This weekend has been a quiet one. Chris left very early on Saturday and after another month of back-to-back travel, I figured I was due for a weekend’s worth of hanging around Basel. Next week is the start of the Basel autumn fair, so you can see pieces of the fair being assembled around town, including an enormous blink and it appeared ferris wheel.
Today, I decided to continue my ongoing tour of Basel and made a visit to the Tinguely Museum. In full transparency, I was going to do the zoo, but the penguins don’t come back until December (according to the website). In any case, the Tinguely Museum is dedicated to the Swiss artist Jean Tinguely, who is known for his moving metallic pieces of art.
You see his art work scattered in different places throughout the city, but this one has many more. It walks you through the history of his work, starting with his biography and early work and ending with the absolutely haunting Mengele – Dance of Death, which is one of his later works.
The museum is also moderately interactive in that there are buttons that you can press to make the machines move. The machines are a little slow to react and don’t always respond. I think that’s intentional so people don’t wear out the machines, but they are pretty fun to watch.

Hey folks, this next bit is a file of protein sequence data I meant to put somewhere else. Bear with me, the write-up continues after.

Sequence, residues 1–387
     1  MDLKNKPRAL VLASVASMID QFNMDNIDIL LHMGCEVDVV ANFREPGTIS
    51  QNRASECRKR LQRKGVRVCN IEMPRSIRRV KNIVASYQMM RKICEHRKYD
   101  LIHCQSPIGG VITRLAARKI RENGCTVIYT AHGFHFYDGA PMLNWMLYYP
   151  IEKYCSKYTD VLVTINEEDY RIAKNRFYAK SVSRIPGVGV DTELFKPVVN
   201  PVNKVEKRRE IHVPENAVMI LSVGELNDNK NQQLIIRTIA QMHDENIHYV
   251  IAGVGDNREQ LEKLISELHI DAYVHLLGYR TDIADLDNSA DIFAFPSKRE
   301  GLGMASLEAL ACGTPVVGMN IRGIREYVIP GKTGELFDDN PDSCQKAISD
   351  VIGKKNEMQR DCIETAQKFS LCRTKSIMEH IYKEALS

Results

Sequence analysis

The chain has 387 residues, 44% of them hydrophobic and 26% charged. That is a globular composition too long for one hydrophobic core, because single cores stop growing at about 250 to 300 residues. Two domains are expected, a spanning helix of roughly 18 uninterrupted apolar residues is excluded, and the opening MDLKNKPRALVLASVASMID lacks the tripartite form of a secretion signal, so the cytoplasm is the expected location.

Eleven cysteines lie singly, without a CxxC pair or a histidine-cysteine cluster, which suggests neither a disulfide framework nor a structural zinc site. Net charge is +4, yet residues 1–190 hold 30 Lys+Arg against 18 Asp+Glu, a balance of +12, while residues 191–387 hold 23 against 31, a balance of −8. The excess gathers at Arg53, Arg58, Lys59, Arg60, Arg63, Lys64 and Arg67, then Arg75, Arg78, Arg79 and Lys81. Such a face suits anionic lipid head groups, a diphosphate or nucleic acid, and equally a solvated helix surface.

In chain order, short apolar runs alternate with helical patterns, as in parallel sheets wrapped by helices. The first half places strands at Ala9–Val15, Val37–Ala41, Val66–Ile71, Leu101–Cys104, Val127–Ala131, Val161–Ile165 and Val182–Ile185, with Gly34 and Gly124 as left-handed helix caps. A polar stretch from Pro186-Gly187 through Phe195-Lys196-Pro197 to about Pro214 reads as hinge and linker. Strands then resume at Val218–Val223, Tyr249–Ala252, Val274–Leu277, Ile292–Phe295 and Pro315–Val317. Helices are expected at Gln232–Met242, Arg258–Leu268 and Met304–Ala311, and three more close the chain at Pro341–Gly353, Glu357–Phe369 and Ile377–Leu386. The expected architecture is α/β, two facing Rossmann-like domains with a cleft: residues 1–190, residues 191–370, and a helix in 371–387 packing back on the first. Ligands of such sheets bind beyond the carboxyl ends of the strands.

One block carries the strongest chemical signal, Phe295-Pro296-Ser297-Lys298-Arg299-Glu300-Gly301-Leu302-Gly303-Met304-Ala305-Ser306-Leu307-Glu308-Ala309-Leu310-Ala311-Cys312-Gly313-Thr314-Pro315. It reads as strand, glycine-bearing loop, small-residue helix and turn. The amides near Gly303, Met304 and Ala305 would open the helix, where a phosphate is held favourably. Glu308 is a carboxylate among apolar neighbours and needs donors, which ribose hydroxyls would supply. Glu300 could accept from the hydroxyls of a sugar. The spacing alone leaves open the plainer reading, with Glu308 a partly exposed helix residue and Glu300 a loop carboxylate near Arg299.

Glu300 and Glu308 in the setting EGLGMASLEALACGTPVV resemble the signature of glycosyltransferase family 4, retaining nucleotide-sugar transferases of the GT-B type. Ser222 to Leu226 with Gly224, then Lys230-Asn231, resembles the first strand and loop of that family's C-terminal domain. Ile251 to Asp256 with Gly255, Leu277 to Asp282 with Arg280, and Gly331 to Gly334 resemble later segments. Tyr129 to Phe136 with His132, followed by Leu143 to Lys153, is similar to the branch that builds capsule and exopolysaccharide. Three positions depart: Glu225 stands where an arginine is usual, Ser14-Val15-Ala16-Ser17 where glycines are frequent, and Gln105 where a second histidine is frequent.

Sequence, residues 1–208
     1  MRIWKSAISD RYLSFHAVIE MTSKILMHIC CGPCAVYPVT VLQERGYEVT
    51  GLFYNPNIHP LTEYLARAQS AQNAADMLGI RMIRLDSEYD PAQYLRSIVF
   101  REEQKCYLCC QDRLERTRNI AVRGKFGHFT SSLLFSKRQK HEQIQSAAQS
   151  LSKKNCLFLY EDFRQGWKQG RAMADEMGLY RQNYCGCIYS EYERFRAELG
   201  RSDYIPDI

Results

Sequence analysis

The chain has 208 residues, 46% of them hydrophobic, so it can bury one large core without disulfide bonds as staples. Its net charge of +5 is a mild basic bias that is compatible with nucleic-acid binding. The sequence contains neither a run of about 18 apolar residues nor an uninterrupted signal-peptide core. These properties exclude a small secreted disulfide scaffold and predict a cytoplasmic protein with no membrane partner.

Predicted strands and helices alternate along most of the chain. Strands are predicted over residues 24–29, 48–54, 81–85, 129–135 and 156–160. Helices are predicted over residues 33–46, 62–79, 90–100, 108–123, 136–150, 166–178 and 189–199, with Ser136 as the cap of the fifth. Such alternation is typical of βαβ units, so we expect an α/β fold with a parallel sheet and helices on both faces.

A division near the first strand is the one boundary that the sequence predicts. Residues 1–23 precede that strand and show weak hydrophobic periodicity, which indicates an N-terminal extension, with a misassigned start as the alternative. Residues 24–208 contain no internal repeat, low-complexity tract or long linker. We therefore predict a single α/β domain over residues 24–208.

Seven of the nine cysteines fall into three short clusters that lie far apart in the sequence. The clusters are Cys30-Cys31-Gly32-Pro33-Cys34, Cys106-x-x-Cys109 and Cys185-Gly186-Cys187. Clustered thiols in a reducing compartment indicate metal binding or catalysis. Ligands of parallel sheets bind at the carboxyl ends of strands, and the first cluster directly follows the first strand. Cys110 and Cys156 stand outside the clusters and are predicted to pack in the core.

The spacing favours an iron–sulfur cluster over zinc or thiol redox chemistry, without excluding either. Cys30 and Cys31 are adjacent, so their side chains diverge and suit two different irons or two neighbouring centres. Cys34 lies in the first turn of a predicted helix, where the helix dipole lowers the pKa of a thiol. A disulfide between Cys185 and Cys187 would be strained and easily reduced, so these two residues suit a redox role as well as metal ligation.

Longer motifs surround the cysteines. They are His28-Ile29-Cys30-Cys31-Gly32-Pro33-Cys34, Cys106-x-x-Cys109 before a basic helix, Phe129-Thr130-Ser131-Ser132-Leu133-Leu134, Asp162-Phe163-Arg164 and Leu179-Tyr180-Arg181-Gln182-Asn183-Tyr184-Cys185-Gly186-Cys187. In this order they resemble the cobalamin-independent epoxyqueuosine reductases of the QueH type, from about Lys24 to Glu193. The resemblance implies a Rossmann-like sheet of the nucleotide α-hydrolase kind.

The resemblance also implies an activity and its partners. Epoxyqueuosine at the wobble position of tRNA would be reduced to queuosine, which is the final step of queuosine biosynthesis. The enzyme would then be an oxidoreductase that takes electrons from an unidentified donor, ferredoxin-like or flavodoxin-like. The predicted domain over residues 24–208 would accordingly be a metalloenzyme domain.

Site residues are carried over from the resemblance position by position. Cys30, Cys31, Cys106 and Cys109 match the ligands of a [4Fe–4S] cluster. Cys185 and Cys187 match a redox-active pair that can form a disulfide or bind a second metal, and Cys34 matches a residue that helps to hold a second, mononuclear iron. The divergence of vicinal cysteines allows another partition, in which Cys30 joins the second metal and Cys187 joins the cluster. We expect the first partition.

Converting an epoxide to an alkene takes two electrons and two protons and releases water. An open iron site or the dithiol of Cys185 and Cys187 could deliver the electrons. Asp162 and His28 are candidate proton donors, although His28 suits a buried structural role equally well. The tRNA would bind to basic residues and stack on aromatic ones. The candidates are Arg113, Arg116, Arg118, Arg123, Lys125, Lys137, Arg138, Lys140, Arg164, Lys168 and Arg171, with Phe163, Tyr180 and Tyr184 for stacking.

There are also some scattered videos, including footage from the self-destructive machine he made in New York.
The machines of the museum vary quickly from fanciful to creepy to delightfully steampunk.
The big machine at the center of it all is a giant machine you can walk in and out of. This one did go off when I was in it and it was absolutely delightful.
Tinguely did a lot of machines where you could attach a felt pen and have it draw something for you. For 3CHF, you can buy a blank piece of paper, a coin, and the two very fun minutes where you get to make the machine move and draw something for you. Obviously, I had to do it.
The end result looked like a scribble, but it is my Tinguely scribble.
In any case, the Tinguely Museum is a fascinating museum and well-worth the visit.